Greatnews: After trying out a dozen or so RSS readers over the years, this is the best one that I’ve found. Quick, flexible, and organized.
Irfanview: There’s a reason Irfanview is on here and not GIMP/Fireworks/Photoshop: it’s much faster and adequate for 95% of the graphics/image related tasks that I need to do.
Enterprise Manager: Again, I’m a web developer and I want quick access to the databases.
Notepad: When I don’t need a full text editor, Notepad is great to dump quick copy & pastes on, and it’s really handy to have right there.
Bitcomet: My bit torrent client of choice.
VPN: This is probably the leased used button. When I’m using the VPN, it means that I’m working outside of normal work hours. Quicker to the icon means quicker to be done.
WinRAR: I don’t like the “shell integration” of WinRAR, so I just have it here for quick zipping/raring when emailing stuff.
Add/remove programs: I install a lot of software, but a lot of it is crap. Let’s skip the control panel and go right to the uninstall.
Calculator: I prefer my TI-85, but this is handy when the TI-85 is not.
Media player: This is probably almost gone, I barely use it. I might replace it with Media Player Classic.
Pidgin: This used to be called Gaim. It’s the all-in-one open source instant messanger client.
Audacity: An incredibly feature rich and 100% free audio editor. I’ve also thought about putting the suprisingly handy Windows Movie Maker up here too, though I don’t edit movies all that much.
Here’s a quiz to help determine how versed you are in the world wide web, and it’s key component: the browser.
- Do you know the history of your favorite web browser? When it was first released? What “parents” it had?
- Can you name more than three web browsers?
- How many browsers do you have installed on your PC right now?
Most people who use the internet, the “schlubs” or “marks”, as they might be known by carnies, only use one browser, and might not even understand that a browser is a separate thing from the actual WWW. “The blue e” brings up “the internet.” Yeah, that’s how a lot of people understand it, but that’s not exactly how it works.
But even you, the savvy blog reader, may not understand the rich history and complexities that begat whatever web browser you are using right now.
Did you know that the first web browser as you now know it was called NCSA Mosaic? Browsers have improved since then, but for the most part they are still very much like the world’s first popular graphic browser.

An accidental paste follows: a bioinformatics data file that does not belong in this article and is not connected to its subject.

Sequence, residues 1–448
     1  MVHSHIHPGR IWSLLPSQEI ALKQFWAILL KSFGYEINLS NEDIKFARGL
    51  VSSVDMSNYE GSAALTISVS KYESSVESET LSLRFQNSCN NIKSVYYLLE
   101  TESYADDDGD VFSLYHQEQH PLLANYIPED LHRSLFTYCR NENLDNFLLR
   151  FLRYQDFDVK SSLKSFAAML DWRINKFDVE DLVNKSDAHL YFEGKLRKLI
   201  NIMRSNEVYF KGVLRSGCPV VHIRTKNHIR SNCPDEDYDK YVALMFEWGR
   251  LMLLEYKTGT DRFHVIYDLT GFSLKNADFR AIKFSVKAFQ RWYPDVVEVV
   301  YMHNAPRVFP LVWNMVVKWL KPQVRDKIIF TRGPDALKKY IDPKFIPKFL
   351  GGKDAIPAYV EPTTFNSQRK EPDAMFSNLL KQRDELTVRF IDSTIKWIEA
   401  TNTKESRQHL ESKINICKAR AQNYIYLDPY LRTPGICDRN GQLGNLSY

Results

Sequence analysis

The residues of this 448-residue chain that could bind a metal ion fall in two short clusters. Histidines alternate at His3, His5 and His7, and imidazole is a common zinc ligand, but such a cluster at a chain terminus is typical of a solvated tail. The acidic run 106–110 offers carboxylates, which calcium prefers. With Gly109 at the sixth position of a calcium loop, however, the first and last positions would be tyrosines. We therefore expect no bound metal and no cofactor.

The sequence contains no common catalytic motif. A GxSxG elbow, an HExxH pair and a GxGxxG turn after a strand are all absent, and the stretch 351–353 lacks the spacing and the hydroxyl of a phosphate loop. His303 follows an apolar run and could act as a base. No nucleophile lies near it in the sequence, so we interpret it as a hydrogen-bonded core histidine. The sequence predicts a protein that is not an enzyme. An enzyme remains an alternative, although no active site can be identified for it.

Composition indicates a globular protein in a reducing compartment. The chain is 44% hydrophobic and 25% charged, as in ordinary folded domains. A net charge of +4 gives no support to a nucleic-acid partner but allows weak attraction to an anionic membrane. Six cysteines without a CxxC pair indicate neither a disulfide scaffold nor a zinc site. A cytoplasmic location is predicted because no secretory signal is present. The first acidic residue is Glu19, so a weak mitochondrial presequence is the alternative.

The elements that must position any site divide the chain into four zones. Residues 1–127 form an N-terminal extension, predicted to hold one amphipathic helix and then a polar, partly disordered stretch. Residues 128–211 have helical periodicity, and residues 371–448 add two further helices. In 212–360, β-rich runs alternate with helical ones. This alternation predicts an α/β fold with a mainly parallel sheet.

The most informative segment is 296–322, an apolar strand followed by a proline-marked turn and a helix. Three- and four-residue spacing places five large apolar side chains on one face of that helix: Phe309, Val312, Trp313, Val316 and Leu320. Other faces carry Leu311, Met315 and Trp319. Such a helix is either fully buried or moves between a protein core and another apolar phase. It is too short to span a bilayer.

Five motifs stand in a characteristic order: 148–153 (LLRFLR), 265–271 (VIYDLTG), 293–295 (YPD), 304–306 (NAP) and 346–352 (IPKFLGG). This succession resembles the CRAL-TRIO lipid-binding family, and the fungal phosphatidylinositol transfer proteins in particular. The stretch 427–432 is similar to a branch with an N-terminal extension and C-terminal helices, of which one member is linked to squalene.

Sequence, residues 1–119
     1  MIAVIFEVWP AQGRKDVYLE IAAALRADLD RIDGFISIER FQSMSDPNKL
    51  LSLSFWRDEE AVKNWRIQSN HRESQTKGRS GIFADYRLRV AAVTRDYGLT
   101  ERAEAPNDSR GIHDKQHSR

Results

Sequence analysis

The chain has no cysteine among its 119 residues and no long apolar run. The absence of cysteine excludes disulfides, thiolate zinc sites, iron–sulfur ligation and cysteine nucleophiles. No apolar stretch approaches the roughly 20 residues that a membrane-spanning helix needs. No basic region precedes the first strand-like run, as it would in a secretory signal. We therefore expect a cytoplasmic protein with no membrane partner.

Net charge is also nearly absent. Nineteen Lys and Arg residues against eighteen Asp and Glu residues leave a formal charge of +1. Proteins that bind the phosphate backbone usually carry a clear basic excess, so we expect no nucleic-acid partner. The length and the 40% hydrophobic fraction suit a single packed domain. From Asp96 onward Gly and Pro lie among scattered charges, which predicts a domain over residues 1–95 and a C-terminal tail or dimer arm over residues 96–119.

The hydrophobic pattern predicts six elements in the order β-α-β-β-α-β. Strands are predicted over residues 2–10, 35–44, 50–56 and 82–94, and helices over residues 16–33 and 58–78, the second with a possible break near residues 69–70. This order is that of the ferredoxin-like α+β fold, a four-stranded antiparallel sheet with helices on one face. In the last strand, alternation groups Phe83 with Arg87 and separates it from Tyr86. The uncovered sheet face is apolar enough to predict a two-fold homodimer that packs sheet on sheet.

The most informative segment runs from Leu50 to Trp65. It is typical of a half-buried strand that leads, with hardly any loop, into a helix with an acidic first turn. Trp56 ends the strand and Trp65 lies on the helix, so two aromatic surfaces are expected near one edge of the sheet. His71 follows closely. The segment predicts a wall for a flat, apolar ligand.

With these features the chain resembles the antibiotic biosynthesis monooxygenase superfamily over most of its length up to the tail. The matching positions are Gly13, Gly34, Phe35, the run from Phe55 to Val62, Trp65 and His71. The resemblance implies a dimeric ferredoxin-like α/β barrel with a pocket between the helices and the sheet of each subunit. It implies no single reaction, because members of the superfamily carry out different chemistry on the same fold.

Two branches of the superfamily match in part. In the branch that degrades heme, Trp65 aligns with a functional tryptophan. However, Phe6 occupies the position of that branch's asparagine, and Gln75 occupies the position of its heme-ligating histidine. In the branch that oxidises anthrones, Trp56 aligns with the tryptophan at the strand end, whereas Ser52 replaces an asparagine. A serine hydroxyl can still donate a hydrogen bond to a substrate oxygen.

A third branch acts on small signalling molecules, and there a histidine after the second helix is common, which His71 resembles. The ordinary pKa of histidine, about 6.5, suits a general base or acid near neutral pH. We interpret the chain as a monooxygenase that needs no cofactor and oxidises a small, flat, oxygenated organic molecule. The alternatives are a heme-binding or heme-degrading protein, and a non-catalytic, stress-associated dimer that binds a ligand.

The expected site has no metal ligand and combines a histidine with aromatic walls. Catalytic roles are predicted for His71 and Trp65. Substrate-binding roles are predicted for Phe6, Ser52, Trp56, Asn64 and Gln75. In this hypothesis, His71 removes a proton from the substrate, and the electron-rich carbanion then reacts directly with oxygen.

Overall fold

Can you name more than 3 web browsers? IE, Firefox, Opera and Safari and the ‘big 4′, but can you name any more? Netscape, Konqueror, Lynx (text-based) are slightly more obscure ones that you may have heard of. But even I, the great webmaster hasn’t even heard of OmniWeb or Shiira before. And that historical timeline above doesn’t come close to listing every web browser that has ever existed.
How many browsers do you have installed on your PC right now? If you are a web professional, the answer better be at least two! With the recent release of Apple’s Safari for Windows XP, I would recommend that a web designer or developer carry at least 4 browsers (IE,Firefox,Opera,Safari), even if you only use Firefox and IE for 99% of your work. What? It’s not like they cost anything…
phpBB3 is on its way around the corner, and it’s looking pretty polished. It’s got an upgraded infrastructure, a fantastic new administration interface, and a slew of new features. Its new proSilver template is out and about now, and is very modern in design. All CSS-driven, tableless XHTML which makes it more flexible than ever, moreso even than its competitors.
Amongst it’s new clean interface is a fairly simple, unique little difference that sets it apart from virtually every other board: The author’s avatar and information are displayed to the right of the post rather than the left. The design decision was made in order to direct the eye to the post content rather than the author. It’s literally just a matter of modifying a couple values in the CSS to switch it back, but it’s caused a significant stir over at the phpBB forums. This will be the phpBB default, so altered or no it’ll be making its way onto many online forums in the near future. I personally am in favor of it as it makes the forum look more like an actual discussion rather than a post count warzone (not that it won’t still be one), but I’m curious to hear some of your opinions. Comment away!